Get 20M+ Full-Text Papers For Less Than $1.50/day. Subscribe now for You or Your Team.

Learn More →

A comparison of four prompt modes for route finding for community travellers with severe cognitive impairments

A comparison of four prompt modes for route finding for community travellers with severe... Primary objective: Navigational skills are fundamental to community travel and, hence, personal independence and are often disrupted in people with cognitive impairments. Navigation devices are being developed that can support community navigation by delivering directional information. Selecting an effective mode to provide route-prompts is a critical design issue. This study evaluated the differential effects on pedestrian route finding using different modes of prompting delivered via a handheld electronic device for travellers with severe cognitive impairments.Research design: A within-subject comparison study was used to evaluate potential differences in route navigation performance when travellers received directions using four different prompt modes: (1) aerial map image, (2) point of view map image, (3) text based instructions/no image and (4) audio direction/no image.Methods and procedures: Twenty travellers with severe cognitive impairments due to acquired brain injury walked four equivalent routes using four different prompting modes delivered via a wrist-worn navigation device. Navigation scores were computed that captured accuracy and confidence during navigation.Main outcome: Results of the repeated measures Analysis of Variance suggested that participants performed best when given prompts via speech-based audio directions. The majority of the participants also preferred this prompting mode. Findings are interpreted in the context of cognitive resource allocation theory. http://www.deepdyve.com/assets/images/DeepDyve-Logo-lg.png Brain Injury Taylor & Francis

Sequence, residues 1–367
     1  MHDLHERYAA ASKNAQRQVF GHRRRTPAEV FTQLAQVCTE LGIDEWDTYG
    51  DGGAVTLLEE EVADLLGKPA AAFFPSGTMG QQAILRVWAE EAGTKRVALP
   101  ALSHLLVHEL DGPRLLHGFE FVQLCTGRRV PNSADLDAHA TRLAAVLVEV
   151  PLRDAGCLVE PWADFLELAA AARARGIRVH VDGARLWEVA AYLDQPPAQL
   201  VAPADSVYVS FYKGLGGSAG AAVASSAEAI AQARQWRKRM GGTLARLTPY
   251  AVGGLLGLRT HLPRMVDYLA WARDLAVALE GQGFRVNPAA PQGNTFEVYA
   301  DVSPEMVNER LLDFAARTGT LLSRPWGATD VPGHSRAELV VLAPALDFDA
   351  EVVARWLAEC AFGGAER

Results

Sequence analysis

A comparison of four prompt modes for route finding for community travellers with severe cognitive impairments

8 pages

Loading next page...
 
/lp/taylor-francis/a-comparison-of-four-prompt-modes-for-route-finding-for-community-psj2GhPpfX

References (27)

Publisher
Taylor & Francis
Copyright
© 2007 Informa UK Ltd All rights reserved: reproduction in whole or part not permitted
ISSN
1362-301X
eISSN
0269-9052
DOI
10.1080/02699050701311000
pmid
17522993
Publisher site
See Article on Publisher Site

Abstract

Primary objective: Navigational skills are fundamental to community travel and, hence, personal independence and are often disrupted in people with cognitive impairments. Navigation devices are being developed that can support community navigation by delivering directional information. Selecting an effective mode to provide route-prompts is a critical design issue. This study evaluated the differential effects on pedestrian route finding using different modes of prompting delivered via a handheld electronic device for travellers with severe cognitive impairments.Research design: A within-subject comparison study was used to evaluate potential differences in route navigation performance when travellers received directions using four different prompt modes: (1) aerial map image, (2) point of view map image, (3) text based instructions/no image and (4) audio direction/no image.Methods and procedures: Twenty travellers with severe cognitive impairments due to acquired brain injury walked four equivalent routes using four different prompting modes delivered via a wrist-worn navigation device. Navigation scores were computed that captured accuracy and confidence during navigation.Main outcome: Results of the repeated measures Analysis of Variance suggested that participants performed best when given prompts via speech-based audio directions. The majority of the participants also preferred this prompting mode. Findings are interpreted in the context of cognitive resource allocation theory.

Journal

Brain InjuryTaylor & Francis

Published: Jan 1, 2007

Keywords: Prompting; cueing; wayfinding; navigation; congnitive impairment

There are no references for this article.